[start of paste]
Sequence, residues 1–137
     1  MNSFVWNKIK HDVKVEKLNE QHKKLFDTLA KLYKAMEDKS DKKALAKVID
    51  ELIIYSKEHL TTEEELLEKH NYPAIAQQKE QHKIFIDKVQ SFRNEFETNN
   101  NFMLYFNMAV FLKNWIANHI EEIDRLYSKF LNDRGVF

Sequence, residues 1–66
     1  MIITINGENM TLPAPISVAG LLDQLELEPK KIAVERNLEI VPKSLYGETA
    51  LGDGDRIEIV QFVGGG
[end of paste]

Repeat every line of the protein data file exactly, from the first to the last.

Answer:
Sequence, residues 1–137
     1  MNSFVWNKIK HDVKVEKLNE QHKKLFDTLA KLYKAMEDKS DKKALAKVID
    51  ELIIYSKEHL TTEEELLEKH NYPAIAQQKE QHKIFIDKVQ SFRNEFETNN
   101  NFMLYFNMAV FLKNWIANHI EEIDRLYSKF LNDRGVF

Sequence, residues 1–66
     1  MIITINGENM TLPAPISVAG LLDQLELEPK KIAVERNLEI VPKSLYGETA
    51  LGDGDRIEIV QFVGGG